Explosive taggants may result from phosphors that emit visible light under IR excitation

Upconverting phosphors developed at SRI International (Menlo Park, CA) may provide easy, low-cost tagging of explosives for counterterrorism. Each phosphor contains a rare-earth- element pair, such as ytterbium and erbium. One element absorbs photons in the low-energy infrared (IR) region and transfers that energy to the other element, which emits higher-energy photons at visible wavelengths. Various combinations of rare-earth-element pairs could provide unique spectral signatures for tracing ex

Mar 1st, 1997

Explosive taggants may result from phosphors that emit visible light under IR excitation

Upconverting phosphors developed at SRI International (Menlo Park, CA) may provide easy, low-cost tagging of explosives for counterterrorism. Each phosphor contains a rare-earth- element pair, such as ytterbium and erbium. One element absorbs photons in the low-energy infrared (IR) region and transfers that energy to the other element, which emits higher-energy photons at visible wavelengths. Various combinations of rare-earth-element pairs could provide unique spectral signatures for tracing explosives containing the taggants.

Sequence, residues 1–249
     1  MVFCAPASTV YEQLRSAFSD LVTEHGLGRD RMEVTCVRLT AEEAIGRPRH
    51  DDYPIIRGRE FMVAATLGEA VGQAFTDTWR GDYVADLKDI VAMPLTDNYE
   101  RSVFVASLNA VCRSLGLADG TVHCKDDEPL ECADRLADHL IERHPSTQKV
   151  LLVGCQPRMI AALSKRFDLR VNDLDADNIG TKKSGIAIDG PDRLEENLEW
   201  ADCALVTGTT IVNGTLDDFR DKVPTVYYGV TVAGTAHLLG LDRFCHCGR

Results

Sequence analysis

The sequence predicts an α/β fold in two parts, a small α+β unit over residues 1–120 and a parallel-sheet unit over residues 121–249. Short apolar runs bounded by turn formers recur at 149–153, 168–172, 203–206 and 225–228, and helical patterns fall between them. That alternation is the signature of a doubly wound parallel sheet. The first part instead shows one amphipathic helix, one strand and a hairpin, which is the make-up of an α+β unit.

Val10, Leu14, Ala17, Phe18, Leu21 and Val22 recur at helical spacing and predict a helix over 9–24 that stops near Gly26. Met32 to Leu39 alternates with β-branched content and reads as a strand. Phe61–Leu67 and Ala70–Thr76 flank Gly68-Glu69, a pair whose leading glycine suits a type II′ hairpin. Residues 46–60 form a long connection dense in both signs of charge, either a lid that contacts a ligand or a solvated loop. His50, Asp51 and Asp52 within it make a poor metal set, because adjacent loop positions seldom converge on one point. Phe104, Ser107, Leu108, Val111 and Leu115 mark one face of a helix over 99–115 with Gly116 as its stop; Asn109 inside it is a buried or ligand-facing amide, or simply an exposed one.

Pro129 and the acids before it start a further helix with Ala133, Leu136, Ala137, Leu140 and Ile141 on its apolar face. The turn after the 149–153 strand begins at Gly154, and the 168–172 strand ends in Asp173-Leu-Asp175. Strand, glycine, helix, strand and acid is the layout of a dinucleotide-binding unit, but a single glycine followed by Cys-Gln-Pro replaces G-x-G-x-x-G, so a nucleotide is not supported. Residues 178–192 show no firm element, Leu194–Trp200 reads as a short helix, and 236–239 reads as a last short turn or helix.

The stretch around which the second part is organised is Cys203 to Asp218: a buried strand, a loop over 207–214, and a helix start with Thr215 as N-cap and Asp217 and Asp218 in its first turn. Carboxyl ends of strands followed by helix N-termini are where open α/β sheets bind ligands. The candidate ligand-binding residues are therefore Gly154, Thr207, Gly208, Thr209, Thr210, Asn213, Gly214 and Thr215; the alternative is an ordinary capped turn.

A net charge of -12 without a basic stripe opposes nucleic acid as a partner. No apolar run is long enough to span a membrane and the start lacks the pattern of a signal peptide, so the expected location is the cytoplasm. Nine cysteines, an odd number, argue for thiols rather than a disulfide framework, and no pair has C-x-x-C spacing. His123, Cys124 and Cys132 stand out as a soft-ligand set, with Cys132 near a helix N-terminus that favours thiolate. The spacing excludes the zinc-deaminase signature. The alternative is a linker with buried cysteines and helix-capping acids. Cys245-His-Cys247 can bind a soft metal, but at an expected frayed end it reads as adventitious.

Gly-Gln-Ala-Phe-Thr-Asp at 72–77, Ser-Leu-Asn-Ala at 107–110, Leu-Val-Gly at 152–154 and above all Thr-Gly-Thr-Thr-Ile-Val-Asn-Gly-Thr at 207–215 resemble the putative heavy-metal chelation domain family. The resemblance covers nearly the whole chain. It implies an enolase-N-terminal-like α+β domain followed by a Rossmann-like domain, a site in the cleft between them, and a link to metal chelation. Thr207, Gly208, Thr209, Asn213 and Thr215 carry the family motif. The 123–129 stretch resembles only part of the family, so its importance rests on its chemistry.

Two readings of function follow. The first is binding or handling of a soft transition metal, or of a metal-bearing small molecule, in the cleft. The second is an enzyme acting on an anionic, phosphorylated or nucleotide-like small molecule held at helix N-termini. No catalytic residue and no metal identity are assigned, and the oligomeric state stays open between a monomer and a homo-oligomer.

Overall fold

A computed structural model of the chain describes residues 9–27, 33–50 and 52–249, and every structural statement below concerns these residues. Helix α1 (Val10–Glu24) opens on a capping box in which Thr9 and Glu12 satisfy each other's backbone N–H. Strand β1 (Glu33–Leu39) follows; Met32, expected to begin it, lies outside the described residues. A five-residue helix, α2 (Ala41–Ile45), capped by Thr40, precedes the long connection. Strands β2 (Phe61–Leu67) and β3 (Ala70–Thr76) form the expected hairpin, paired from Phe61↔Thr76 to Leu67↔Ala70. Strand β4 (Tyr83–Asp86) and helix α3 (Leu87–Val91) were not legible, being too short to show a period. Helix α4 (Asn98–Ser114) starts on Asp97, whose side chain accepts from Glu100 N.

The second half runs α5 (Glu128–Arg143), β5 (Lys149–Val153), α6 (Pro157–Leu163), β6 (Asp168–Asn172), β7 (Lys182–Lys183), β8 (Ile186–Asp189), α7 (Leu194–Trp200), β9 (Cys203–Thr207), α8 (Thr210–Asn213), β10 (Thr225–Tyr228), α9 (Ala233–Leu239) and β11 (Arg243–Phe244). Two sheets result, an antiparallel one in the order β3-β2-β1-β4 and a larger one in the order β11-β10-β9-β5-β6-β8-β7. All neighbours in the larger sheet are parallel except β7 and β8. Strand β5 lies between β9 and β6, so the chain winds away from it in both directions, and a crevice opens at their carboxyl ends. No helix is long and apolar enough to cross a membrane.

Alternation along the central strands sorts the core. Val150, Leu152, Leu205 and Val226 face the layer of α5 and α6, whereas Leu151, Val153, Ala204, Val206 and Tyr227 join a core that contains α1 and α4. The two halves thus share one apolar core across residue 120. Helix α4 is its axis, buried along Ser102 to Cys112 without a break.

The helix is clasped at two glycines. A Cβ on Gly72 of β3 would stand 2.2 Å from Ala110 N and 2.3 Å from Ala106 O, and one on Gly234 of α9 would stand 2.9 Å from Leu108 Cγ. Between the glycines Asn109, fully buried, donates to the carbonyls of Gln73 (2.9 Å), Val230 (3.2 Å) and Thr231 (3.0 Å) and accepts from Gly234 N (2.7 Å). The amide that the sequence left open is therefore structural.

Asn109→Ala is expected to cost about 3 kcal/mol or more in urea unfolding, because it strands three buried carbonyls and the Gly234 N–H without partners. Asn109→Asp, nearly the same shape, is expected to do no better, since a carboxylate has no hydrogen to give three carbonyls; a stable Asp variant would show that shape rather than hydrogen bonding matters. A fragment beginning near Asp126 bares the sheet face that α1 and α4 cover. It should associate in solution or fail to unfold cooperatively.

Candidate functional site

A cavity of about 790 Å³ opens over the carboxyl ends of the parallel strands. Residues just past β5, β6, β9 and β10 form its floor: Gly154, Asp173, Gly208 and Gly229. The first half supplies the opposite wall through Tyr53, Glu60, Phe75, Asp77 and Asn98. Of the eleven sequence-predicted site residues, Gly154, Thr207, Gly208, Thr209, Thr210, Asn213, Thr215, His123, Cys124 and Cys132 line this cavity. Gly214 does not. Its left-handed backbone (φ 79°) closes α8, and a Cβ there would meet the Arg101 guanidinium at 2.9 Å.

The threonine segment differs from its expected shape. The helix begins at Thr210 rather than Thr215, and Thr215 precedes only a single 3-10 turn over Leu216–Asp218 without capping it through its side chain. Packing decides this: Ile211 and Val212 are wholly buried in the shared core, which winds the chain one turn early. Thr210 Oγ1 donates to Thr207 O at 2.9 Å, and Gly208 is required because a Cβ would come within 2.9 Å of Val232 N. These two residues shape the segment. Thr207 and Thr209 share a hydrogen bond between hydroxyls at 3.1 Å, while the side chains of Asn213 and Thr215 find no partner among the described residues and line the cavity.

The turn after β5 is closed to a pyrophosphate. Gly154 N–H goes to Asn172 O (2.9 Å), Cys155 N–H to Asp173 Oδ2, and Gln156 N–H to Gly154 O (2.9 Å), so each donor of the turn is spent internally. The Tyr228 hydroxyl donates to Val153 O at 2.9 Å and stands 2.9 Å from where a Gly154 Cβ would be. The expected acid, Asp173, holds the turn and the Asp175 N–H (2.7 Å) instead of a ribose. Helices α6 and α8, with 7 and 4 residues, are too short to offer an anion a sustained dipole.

Because the phosphors emit visible light, they are easily detected by the naked eye. For low concentrations of submicrometer particles, a hand-held spectral analyzer can identify the spectral emissions. These particles are particularly useful because, unless illuminated with an IR laser, their background signature is zero. Furthermore, the phosphors are pressure and temperature insensitive, so they will hold u¥before and after an explosion. But, says SRI`s David Golden, the ultimate goal is to use the phosphors for medical diagnostics, antibodies, DNA research, and possibly biological warfare detection.

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